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Friday, October 30, 2009

Older Drivers Don't Realize Medication Risks

senior driver safety medication risks
As baby boomers reach retirement age, their medicine cabinets seem to become more and more crowded with all the medications needed to fight off the infirmities of old age. Blood pressure, heart problems, aches, and pains increase with every passing year and so do the visits to the doctor. Unfortunately, the AARP generation apparently isn't being warned about the effects that these medications may have on their ability to drive safely.

The AAA Foundation for Traffic Safety sponsored a study conducted by the University of Alabama at Birmingham to assess the knowledge of older drivers regarding their medication use and the medication's effects on their driving. The study surveyed 630 Alabama adults aged 55 and over. Data from previous studies that served as a basis for this research showed that:

  • Senior citizens are safe drivers with one of the lowest collision rates among all age groups;

  • Older drivers have the highest collision rate per mile traveled because they tend to drive fewer miles and remain close to home.

  • Due to chronic medical conditions, older adults are often forced to take multiple medications that can potentially impact their ability to drive.

  • A recent survey found that medication use increases with age with 44% of men and 57% of woman aged 65 and older using five or more medications weekly.

  • The rate of older adults using multiple medications has increased from 54% in 1998 to 67% in 2003.

  • Research has reported that increased number of medical conditions is associated with increased risk of motor vehicle crashes among older adults.

    The AAA study revealed that:

  • "The majority of those surveyed (92%) said driving was their preferred mode of transportation and 60% said they drove six or seven days per week.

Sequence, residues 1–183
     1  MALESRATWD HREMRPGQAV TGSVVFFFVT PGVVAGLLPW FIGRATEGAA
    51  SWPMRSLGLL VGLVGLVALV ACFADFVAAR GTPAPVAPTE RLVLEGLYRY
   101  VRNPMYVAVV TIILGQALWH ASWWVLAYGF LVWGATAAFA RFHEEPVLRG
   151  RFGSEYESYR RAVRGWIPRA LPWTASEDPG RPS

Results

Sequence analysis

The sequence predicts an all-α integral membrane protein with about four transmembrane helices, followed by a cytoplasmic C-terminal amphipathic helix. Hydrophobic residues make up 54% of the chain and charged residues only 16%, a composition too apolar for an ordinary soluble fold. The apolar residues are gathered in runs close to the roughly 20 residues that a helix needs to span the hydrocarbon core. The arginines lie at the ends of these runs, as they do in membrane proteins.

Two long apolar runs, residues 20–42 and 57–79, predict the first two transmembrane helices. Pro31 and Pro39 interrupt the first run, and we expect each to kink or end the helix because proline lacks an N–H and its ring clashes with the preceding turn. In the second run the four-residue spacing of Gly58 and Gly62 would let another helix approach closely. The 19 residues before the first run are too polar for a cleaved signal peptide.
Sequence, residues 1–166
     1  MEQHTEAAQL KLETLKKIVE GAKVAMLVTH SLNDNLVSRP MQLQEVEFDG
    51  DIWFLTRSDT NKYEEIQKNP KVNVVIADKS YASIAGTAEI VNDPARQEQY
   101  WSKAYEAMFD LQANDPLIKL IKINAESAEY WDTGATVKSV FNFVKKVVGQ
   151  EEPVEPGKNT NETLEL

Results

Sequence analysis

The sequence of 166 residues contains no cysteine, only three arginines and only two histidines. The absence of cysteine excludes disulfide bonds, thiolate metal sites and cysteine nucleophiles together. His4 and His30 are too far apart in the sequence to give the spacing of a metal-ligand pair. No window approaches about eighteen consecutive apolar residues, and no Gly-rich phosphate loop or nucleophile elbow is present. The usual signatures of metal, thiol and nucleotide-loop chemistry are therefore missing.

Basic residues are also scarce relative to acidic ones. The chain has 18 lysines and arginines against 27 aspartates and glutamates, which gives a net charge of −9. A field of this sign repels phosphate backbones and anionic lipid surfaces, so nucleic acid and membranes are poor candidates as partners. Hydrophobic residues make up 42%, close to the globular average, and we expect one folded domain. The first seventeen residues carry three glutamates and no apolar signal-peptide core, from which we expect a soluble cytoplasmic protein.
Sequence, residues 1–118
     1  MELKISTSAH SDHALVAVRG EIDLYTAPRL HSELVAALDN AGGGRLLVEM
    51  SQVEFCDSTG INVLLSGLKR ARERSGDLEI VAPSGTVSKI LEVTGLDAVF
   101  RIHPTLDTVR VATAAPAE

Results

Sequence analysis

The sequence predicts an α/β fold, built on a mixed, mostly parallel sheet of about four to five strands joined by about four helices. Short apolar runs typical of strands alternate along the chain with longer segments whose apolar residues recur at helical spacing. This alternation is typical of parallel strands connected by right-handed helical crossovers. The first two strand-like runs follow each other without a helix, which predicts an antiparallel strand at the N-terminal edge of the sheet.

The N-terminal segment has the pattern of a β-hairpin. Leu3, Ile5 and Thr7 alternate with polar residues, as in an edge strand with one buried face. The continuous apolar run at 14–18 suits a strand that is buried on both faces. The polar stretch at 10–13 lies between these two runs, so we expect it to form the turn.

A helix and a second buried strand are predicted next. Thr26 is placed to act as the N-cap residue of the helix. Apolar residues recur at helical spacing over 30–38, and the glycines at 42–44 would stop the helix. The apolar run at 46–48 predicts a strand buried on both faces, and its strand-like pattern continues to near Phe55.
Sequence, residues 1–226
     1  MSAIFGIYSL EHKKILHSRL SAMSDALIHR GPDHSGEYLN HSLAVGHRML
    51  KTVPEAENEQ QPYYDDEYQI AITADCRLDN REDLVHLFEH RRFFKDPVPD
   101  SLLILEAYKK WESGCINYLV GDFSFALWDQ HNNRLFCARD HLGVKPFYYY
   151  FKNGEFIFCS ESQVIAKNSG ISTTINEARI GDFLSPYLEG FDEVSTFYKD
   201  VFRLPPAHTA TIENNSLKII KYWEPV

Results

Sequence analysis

• 95% of respondents reported having had one or more medical condition and respondents 75 and older reported the most medical conditions as well as taking the greatest number of potentially driver impairing medications.

  • 78% of respondents reported using one or more medications, but only 28% acknowledged some awareness of the potential impact of these medications on driving performance.

  • 19% of respondents reported using five or more medications and 12.1% reported taking five or more prescription medications.

  • Only 18% had received warnings about potentially driver impairing medications - include ACE inhibitors, sedatives, and beta blockers - from a healthcare professional.

    • However, 69% currently use one or more prescription potentially driver impairing medication and 10% said they currently use five or more potentially driver-impairing medications.

    • Of those using five or more potentially driver impairing medications, just 22% said they had some awareness of the potential impact on driving and only 19 percent received a warning from healthcare professional."


  • Older drivers and those with less education appeared to have the least awareness of the risks.